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Is Diabetes A Disability

Last updated: April 12, 2023

Controlled diabetes makes it difficult to qualify for disability, although the majority of diabetic applicants have other medical issues that impair their ability to work. You may be eligible for disability compensation if your diabetes has resulted in skin or nerve problems, as well as organ damage that impairs your ability to walk, stand, or use your hands.

Thus, whether diabetes is considered a disability or not depends on how severe your case is and whether you have secondary conditions that make it more difficult for you to carry out your day-to-day tasks. Each disability case is different, and in order to answer the question: “Is diabetes a disability?” it's important to know when it's considered to be one. 

When Is Diabetes Considered A Disability?

You may be eligible for Social Security disability (SSDI/SSD) or Supplemental Security Income (SSI) benefits if you have uncontrolled diabetes and your doctor believes you won't be able to work for at least 12 months.

However, in order to be eligible for disability benefits, the damage caused by your diabetes must severely limit what you can accomplish, or you must have complications that meet the criteria for one of Social Security's disability listings. To determine this, the SSA assesses your residual functional capacity (RFC) by reviewing the following: 

  • Your medical background
  • The recommendation of your physician (if it details your functional limitations and is backed up by medical evidence)
  • Statements from your family and friends, as well as statements you make in your application and adult disability report

Is Diabetes A Disability In The United States Government?

Diabetes affects around 34.2 million Americans — more than 1 out of every 10 persons. A further 88 million people have prediabetes. That implies one-third of all adults in the United States are at high risk of acquiring diabetes in the future.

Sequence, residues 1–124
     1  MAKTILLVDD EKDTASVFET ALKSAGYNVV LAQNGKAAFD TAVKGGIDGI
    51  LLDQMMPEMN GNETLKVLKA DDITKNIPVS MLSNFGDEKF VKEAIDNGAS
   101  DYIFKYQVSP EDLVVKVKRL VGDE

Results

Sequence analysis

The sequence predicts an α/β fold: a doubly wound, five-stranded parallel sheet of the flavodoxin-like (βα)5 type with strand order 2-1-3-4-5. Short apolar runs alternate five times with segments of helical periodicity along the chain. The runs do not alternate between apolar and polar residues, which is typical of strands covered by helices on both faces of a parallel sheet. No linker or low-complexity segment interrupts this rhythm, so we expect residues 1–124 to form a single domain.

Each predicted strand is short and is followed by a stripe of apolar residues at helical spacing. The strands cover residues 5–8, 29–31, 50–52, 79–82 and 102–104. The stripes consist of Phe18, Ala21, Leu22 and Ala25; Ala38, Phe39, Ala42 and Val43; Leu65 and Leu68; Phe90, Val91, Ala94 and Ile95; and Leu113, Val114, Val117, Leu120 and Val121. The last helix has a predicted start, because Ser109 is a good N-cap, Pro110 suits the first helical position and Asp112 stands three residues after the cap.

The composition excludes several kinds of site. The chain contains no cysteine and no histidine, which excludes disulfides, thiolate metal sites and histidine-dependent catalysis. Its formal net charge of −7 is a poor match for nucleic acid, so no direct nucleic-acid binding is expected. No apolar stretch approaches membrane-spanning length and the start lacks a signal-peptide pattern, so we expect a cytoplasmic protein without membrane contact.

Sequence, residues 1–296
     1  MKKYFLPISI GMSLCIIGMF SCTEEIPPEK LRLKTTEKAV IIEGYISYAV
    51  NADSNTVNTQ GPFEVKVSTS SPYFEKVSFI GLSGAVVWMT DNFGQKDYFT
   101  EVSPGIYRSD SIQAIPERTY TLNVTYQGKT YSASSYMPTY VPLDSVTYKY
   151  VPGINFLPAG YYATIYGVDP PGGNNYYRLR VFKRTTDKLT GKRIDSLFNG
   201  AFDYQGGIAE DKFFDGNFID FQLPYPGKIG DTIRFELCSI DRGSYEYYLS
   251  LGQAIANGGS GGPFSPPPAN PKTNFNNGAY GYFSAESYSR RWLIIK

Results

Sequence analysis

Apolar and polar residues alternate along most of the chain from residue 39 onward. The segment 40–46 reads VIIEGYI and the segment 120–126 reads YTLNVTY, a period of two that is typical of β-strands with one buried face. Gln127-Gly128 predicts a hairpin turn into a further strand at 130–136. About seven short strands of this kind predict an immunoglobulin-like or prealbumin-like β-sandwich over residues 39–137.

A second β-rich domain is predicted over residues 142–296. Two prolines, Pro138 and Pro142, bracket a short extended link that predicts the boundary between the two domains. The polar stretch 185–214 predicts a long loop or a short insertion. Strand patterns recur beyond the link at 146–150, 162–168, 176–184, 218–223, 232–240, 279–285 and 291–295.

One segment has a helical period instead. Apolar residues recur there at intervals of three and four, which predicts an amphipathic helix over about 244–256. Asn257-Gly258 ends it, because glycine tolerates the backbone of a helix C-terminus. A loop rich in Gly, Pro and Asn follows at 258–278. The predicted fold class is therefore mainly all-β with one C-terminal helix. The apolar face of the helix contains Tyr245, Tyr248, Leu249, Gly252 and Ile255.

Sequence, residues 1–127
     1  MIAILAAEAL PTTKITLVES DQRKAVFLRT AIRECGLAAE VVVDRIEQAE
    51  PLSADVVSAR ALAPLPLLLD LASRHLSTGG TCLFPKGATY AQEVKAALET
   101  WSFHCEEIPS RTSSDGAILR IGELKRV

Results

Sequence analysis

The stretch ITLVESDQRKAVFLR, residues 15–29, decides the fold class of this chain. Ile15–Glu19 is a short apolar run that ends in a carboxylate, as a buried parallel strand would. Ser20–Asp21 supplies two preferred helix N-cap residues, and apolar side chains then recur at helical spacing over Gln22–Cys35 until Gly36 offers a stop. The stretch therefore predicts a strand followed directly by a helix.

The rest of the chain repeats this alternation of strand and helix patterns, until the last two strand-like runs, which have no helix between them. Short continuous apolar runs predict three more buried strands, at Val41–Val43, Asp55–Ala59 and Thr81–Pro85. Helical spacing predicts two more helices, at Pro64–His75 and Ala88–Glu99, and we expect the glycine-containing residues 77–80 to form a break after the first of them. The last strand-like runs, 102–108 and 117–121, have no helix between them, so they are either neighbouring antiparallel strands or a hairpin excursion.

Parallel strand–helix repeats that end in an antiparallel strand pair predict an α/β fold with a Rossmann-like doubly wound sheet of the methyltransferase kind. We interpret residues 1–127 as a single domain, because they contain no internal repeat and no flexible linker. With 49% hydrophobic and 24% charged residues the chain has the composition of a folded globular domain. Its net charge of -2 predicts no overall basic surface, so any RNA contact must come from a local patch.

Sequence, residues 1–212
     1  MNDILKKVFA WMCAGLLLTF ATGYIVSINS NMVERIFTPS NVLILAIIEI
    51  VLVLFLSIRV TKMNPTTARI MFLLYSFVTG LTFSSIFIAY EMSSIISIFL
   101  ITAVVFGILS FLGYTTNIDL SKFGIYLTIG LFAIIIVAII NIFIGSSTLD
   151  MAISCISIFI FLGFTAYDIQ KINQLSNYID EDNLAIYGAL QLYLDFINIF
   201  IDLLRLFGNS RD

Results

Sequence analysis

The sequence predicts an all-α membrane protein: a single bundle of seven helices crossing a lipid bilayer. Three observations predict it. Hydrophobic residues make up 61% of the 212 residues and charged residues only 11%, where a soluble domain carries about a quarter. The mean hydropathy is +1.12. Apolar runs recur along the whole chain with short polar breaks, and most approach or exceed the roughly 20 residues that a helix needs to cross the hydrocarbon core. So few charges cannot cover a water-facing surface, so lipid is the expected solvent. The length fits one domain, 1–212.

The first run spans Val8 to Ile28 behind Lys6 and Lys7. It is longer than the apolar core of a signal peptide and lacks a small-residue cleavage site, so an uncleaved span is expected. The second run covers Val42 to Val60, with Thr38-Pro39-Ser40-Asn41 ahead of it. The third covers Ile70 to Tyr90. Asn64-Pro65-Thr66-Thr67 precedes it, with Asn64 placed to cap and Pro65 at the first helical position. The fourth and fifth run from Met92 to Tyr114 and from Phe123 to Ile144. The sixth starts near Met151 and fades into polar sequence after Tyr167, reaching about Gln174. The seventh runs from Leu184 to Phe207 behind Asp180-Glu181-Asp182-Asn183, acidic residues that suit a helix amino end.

If you've been diagnosed with diabetes or are at high risk of developing it, you might wonder if the government considers diabetes a disability. Take a look at the two types of diabetes and whether they are classified as disabilities in the U.S. 

Type 1 Diabetes

Type 1 diabetes is an autoimmune disease in which the body attacks its own cells, preventing them from producing insulin. Insulin is required by the body to transport glucose, a form of sugar, from the bloodstream into the cells for energy. The level of glucose in the blood rises too quickly without insulin.

Insulin injections help persons with type 1 diabetes control their blood glucose levels and manage their disease. However, type 1 diabetes is considered a disability by the government.

Type 2 Diabetes

People with type 2 diabetes produce insulin, but their bodies may not produce enough, or their cells may not respond to it properly.

These insulin issues, like type 1 diabetes, cause blood sugar levels to rise. People with type 2 diabetes, on the other hand, can manage their condition with medicine, diet, and exercise. Type 2 diabetes is also considered a disability by the U.S. government.


There has been much debate on whether or not diabetes is considered a disability by the SSA. However, the truth of the matter is it depends on the extent to which your conditions keep you from performing daily tasks and earning money. 

In general, the SSA provides benefits to those who can successfully indicate that their condition disqualified them from joining the workforce for 12 months. If you can do this and provide the mentioned documentation, there is a good chance you’re case will be successful. 

Looking for more resources on disabilities and the SSA? Head to Disability Help to learn more about how to file for disabilities and calculate social security payments. 

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Chloe Powers
Chloe works with policymakers on behalf of Disability Help to support their work at a strategic level, ensuring the conditions are in place for creative individuals and organizations to grow, reach their potential and effect relevant, sustainable change.
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